By Brendan Rees
John McKenzie chooses to remain positive, no matter what’s thrown at him.
The Lyndhurst man who has Parkinson’s disease developed a life-threatening infection following his first Deep Brain Stimulation (DBS) operation, but he didn’t give up.
He booked himself in at St Vincent’s Private Hospital to try again.
“It’s quite a confronting operation. In having said that, I had no hesitation in going back for a second go,” John said.
Since the operation, John says it’s “definitely the best I’ve felt in 10 years, no doubt about.”
“I was more than happy to accept the risks associated for the benefits that I’m getting.”
DBS is a surgery to implant a device that sends electrical signals to brain areas responsible for body movement.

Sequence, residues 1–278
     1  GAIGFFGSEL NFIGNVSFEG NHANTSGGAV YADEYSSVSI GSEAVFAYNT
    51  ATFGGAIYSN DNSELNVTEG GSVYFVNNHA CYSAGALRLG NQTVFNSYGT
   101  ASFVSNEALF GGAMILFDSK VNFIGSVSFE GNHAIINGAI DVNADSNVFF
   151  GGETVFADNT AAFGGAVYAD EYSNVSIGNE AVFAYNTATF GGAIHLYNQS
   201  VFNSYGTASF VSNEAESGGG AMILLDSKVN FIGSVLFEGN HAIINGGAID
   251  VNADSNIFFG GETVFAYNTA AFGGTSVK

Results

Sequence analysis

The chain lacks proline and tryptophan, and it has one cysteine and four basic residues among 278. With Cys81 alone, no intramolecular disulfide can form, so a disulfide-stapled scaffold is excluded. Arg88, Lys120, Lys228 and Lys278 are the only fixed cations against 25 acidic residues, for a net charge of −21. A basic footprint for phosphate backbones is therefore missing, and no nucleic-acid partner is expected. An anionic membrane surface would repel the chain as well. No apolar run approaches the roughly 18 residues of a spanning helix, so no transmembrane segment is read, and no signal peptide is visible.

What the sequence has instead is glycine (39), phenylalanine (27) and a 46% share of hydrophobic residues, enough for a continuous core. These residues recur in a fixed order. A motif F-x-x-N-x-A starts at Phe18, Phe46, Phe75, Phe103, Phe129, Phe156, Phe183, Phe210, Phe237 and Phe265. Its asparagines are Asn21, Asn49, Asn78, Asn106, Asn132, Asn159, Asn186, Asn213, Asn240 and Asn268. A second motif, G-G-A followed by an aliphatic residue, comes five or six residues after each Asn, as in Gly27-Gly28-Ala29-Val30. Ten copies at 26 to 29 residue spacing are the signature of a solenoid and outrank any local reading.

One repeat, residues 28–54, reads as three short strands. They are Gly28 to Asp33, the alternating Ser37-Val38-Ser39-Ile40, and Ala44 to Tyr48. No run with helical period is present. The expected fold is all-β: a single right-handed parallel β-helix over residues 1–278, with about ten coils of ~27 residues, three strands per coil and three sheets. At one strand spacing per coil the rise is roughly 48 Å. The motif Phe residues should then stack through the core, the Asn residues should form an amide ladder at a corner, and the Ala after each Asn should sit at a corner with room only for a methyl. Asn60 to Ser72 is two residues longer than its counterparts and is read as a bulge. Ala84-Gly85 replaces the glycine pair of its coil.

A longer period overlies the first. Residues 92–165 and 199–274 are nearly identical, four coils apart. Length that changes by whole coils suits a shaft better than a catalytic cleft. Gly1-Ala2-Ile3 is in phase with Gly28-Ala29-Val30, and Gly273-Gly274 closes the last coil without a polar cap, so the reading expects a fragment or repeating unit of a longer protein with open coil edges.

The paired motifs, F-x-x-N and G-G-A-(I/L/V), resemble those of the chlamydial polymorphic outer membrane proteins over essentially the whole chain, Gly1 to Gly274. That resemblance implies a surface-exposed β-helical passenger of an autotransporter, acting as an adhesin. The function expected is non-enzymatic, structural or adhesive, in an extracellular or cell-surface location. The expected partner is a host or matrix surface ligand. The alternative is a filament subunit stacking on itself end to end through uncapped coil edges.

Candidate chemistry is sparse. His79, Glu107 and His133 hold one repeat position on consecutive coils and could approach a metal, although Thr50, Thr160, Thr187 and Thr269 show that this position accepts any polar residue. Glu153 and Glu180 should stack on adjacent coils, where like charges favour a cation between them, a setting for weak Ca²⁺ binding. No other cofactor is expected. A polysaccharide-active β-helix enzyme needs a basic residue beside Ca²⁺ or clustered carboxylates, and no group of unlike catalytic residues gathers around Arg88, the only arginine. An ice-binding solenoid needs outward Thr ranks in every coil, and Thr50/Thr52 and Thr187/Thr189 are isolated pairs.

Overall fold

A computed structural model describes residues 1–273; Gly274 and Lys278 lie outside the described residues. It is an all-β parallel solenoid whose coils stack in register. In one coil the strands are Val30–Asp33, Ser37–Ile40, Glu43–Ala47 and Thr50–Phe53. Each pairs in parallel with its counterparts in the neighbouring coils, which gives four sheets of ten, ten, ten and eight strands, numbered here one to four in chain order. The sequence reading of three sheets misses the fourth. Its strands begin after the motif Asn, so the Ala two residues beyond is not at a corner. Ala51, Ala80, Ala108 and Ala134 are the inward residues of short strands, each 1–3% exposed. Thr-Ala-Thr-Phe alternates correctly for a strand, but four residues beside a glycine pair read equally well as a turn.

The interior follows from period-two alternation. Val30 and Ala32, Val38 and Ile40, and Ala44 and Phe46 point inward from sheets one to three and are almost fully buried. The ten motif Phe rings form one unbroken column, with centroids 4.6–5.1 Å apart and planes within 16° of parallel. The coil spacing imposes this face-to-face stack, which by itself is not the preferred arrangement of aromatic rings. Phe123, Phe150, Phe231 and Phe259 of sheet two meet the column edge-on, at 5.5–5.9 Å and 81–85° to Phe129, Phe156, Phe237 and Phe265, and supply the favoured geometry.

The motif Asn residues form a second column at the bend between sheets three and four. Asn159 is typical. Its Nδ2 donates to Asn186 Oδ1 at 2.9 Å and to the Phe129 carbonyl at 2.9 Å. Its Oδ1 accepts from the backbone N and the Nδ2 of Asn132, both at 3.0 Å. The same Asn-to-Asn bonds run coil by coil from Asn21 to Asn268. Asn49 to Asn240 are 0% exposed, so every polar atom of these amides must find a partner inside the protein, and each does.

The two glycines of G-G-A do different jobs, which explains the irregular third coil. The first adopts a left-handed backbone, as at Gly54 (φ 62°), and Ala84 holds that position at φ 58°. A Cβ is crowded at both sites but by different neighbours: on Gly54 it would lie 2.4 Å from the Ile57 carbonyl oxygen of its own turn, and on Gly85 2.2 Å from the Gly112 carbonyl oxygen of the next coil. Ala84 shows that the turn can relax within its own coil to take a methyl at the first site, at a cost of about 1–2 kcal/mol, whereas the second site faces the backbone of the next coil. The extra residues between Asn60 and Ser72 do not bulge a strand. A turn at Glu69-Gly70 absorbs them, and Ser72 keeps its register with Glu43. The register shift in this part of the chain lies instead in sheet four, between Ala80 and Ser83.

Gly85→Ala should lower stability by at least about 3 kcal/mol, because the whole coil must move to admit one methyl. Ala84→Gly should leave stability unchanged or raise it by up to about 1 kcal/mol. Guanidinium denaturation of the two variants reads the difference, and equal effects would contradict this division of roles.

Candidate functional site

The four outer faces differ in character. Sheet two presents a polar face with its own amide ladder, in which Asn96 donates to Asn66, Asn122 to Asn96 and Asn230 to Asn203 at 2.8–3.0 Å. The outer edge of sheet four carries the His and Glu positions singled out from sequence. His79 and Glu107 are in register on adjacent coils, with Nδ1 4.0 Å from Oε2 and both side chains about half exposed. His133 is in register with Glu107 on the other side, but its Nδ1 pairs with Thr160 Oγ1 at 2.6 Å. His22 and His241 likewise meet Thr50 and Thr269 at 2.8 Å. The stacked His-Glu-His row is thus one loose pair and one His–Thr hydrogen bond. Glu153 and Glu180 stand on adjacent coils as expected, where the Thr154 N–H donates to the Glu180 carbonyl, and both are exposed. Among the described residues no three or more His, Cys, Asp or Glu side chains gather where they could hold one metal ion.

John, who is the founder of Parkinson’s Peer Support Group in Cranbourne, says he has begun to feel “normal again” since the six-and-half hour surgery on Wednesday 5 December.
He says while exercising today he has “no muscle fatigue and “no slowness.”
“If I had done 15-20 minutes at the gym before the operation my legs would’ve have started feeling like led.
“I have to reinvent normal because I can’t remember what it is,” he added.
He said over the next three months it will be “trial and error” in finding “a fine line between the amount effects of the stimulation you get from the implants and the medication you have to take.”
For those with Parkinson’s disease considering DPS surgery, John says it’s an “absolutely a very personal decision.”
“I would say do your research, do it thoroughly, consider all the risks and make it a decision.
“I was more fascinated by the science behind the operation rather than the operation itself.”
Parkinson’s Victoria, which has launched its Christmas Appeal, plays a vital role supporting people like John to live the best life possible.
To donate visit https://www.parkinsonsvic.org.au/